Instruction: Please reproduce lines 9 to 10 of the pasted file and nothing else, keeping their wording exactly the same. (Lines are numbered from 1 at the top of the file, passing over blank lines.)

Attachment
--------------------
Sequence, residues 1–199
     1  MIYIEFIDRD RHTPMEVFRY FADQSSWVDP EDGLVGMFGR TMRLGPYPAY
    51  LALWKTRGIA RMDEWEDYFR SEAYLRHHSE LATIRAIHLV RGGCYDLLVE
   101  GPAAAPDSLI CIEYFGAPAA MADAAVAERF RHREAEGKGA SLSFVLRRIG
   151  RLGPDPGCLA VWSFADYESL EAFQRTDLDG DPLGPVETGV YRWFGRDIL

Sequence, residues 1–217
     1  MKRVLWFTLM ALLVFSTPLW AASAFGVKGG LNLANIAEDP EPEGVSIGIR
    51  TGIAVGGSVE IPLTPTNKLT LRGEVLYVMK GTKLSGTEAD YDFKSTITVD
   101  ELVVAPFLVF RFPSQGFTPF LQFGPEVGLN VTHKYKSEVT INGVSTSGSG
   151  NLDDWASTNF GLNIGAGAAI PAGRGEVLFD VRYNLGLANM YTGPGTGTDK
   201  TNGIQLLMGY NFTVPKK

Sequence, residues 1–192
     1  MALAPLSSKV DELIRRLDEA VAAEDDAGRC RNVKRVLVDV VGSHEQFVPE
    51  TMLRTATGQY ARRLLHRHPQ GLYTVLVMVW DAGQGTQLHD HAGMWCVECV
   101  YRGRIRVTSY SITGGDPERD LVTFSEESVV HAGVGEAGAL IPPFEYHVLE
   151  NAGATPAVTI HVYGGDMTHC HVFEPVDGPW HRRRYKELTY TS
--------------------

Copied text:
   101  ELVVAPFLVF RFPSQGFTPF LQFGPEVGLN VTHKYKSEVT INGVSTSGSG
   151  NLDDWASTNF GLNIGAGAAI PAGRGEVLFD VRYNLGLANM YTGPGTGTDK